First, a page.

• Who are the people you admire in the arts and beyond? Why do they inspire you?
    I admire my mother more than she ever knew. She is a strong, independent woman who never gave up. She taught me that I didn’t need a man, or anybody for that matter, to succeed. She raised Doatsie and me, and I’m forever grateful. She also brought me into the acting business. I wouldn’t have such a successful career without her. (Golden Silents, Lillian Gish)
    My dear sister, Doatsie, has always inspired me. She is strong, funny, and never took no for an answer. I love her dearly. D.W. Griffith inspires me, too. He is an amazing director. He put Doatsie and me in our first movie. He is a good teacher, mentor, and friend. (Golden Silents, Lillian Gish)

What anecdotes best illustrate how you became successful in the arts?
The stage manager in my first show once told me “Speak loud and clear, or they’ll get another little girl.” I did just that, and look how far I’ve come! I am grateful to that stage manager, because he may have helped me jump-start my career. You should always listen to the comments and critiques of stage managers, they really know what they are talking about. (Affron, 27)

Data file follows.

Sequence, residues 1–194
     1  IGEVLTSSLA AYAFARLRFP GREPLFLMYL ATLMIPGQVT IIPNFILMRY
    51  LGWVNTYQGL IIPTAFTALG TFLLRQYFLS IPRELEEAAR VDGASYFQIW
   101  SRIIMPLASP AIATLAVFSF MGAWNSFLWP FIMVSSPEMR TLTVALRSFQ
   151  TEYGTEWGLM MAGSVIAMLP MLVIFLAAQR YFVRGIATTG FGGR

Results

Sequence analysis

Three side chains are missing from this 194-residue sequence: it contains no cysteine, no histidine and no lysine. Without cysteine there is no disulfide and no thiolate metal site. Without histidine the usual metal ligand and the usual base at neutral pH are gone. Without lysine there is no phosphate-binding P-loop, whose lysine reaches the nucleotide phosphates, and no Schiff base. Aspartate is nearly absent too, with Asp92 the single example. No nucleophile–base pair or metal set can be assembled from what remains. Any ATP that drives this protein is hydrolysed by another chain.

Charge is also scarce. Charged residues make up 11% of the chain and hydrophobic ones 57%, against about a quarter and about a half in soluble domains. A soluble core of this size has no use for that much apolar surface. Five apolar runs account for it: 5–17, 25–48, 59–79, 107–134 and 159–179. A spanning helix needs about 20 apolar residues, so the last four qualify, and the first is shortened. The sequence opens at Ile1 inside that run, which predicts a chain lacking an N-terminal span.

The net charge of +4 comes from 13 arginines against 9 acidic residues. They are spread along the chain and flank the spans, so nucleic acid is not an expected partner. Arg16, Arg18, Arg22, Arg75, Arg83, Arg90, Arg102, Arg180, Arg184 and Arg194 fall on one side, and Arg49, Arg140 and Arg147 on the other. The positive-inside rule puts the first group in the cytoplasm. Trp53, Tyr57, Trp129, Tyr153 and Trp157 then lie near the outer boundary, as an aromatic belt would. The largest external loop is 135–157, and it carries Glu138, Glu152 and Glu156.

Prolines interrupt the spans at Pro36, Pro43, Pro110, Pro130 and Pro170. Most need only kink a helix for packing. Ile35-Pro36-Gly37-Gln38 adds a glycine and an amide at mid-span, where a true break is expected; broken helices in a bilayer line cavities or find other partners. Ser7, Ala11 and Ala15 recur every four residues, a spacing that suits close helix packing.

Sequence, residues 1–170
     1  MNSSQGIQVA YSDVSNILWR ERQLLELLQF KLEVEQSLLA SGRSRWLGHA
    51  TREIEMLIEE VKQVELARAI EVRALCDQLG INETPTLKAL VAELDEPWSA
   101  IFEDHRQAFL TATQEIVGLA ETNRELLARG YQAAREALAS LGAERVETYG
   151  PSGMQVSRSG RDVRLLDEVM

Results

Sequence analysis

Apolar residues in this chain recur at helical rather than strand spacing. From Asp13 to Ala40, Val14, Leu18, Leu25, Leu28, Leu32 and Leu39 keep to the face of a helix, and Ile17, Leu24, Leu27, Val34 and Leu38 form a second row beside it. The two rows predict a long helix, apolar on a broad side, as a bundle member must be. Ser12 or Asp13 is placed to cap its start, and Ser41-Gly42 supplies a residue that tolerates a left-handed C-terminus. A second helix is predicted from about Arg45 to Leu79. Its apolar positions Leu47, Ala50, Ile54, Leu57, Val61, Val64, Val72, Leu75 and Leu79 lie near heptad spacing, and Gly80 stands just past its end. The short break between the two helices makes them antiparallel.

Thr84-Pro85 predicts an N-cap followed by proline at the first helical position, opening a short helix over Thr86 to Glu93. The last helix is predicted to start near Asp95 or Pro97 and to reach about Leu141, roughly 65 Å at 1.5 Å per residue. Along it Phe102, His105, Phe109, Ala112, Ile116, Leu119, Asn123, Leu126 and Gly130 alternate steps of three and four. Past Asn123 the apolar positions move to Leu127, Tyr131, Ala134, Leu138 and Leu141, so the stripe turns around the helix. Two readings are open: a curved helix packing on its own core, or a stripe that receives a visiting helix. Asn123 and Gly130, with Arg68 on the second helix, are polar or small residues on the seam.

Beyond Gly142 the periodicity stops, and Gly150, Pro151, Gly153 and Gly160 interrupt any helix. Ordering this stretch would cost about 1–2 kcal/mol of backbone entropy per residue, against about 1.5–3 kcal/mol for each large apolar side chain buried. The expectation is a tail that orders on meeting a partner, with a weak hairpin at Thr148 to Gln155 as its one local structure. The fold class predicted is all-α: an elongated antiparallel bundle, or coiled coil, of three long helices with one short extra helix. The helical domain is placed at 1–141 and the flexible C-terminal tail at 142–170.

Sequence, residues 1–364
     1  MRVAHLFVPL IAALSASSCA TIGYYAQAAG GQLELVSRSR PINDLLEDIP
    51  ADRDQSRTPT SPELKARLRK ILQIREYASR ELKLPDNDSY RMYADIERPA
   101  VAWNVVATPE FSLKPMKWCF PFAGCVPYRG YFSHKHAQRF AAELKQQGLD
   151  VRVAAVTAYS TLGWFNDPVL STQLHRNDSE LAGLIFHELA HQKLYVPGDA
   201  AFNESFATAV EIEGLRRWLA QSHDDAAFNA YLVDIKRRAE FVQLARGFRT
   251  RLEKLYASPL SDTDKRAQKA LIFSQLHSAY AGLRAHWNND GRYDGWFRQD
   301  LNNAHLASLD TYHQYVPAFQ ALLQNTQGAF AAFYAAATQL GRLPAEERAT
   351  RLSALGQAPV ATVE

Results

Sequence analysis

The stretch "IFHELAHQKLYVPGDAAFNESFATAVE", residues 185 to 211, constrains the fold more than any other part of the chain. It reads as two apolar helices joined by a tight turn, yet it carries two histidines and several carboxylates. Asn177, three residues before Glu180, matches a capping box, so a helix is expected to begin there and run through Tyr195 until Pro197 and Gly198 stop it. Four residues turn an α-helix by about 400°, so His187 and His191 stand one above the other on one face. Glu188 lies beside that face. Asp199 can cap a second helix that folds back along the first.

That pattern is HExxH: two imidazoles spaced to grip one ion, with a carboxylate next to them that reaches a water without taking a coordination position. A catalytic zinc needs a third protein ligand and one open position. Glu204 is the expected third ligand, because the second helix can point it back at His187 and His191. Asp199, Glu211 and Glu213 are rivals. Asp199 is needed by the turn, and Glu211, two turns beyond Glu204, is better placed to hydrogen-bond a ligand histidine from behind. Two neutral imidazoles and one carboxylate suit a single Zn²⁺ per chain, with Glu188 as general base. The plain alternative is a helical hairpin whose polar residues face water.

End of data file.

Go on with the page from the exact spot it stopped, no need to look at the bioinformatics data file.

My first audition for a film was with D.W. Griffith. My sister and I had prepared monologues, but he told us to forget about them. He told us to sit and talk to each other. He then proceeded to pull out a gun. He chased us around the audition room, and the whole time Doatsie and I were screaming. After a while he put the gun away looking satisfied, and told us we got the parts! (Oderman, 26)

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Affron, Charles. Lillian Gish: Her Legend, Her Life. New York: Scribner, 2001. Print.
“Gish Film Theater Collection.” BGSU, 2003. Web. 26 February, 2012.
Gish, Lillian. Lanes, Selma. An Actors Life for Me. New York: Viking Kestrel, 1987. Print.
“Gish Sisters.” BGSU. 2003. Web. 27 February, 2012.
“Lillian Gish: About Lillian Gish.” PBS Online, 2001. Web. 29 February, 2012.
“Lillian Gish: Actress.” Extravagant Crowd, 2007. Web. 27 February, 2012.
“Lillian Gish (1893-1993).” Golden Silents, 2010. Web. 29 February, 2012.
“News.” The Official Website of Lillian Gish, 2006 Web. 28 February, 2012.
Oderman, Stuart. Lillian Gish: A Life on Stage and Screen. Jefferson: McFarland & Company, Inc., 2000. Print.
“Talking About Movies: Lillian Gish.” University of Michigan, 2011. Web. 28 February, 2012.